Common sources of co-parenting disagreements

Common sources of co-parenting disagreements

Now that you’ve divorced, you can take the time to build a stable life for yourself and your children. While you’re doing so, don’t lose sight of the fact that your ex is likely to be taking the same steps in their life. You may not have the same approach and goals to life after divorce, but you must be on the same page regarding co-parenting.

Co-parenting is much easier when you have a detailed parenting agreement and visitation schedule in place. But even if you can fall back on these, there are times when disagreements move to the forefront. Here are some of the most common reasons for this:

  • Differing parenting styles: You can discuss this concern with your ex, but you can’t do anything to change their approach. All you can hope for is that they are responsible with how they raise your children and respectful of the decisions you make.
  • Visitation mix-ups: For example, if your ex has visitation rights, you expect them to pick up and drop off your children as outlined in the visitation agreement. If they slowly begin to bend the rules and make their own schedule, it has the potential to impact your life. And when that happens, you need to speak up in an attempt to get back on track.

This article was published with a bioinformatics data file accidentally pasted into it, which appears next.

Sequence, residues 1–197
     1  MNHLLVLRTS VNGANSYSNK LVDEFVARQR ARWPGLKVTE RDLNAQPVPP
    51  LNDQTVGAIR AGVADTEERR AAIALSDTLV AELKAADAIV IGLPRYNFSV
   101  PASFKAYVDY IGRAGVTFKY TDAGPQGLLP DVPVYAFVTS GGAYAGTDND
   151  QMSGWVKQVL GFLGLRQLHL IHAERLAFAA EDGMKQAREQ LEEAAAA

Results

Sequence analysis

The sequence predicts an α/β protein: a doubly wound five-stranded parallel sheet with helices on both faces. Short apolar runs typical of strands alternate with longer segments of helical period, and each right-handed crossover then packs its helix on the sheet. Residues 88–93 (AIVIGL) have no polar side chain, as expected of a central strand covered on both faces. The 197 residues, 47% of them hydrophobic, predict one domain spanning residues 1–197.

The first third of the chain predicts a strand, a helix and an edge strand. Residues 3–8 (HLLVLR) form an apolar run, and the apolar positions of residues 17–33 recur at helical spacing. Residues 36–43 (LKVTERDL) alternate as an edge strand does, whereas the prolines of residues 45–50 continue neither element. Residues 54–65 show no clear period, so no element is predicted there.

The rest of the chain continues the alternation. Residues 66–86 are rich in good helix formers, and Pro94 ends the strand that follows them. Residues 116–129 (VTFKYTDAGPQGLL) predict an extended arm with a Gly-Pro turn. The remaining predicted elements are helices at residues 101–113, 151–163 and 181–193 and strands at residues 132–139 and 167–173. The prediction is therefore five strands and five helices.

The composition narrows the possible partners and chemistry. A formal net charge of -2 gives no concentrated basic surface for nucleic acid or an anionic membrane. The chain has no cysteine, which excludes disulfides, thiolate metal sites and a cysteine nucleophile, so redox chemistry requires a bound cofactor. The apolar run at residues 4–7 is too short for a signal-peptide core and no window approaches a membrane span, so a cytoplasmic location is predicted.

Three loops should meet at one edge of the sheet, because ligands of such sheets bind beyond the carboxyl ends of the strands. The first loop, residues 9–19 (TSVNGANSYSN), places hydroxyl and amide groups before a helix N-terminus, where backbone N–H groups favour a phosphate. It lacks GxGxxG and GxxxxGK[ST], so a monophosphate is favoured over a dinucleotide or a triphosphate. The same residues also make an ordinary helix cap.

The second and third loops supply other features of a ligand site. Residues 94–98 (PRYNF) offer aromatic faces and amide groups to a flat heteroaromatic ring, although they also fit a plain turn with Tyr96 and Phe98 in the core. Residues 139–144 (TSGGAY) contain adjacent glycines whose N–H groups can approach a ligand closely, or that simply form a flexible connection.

• An ex who disparages you to your children: If your ex continually belittles you to your children, such as telling them you were the reason for the divorce, it can quickly take a toll on your relationship with them. Your children may begin to look at your differently, and that’s not what you want. Make it clear to your ex that they should never put your children in the middle of your problems.

No matter how hard you try, you’re likely to come face-to-face with co-parenting disagreements. You hope this doesn’t happen often, but you should prepare for every possible situation.

If your disagreements are a result of your ex violating the parenting agreement and/or visitation schedule, talk to them about your concerns as you learn more about your legal rights. There may come a point when you have to request a modification from the court to protect your parenting time.

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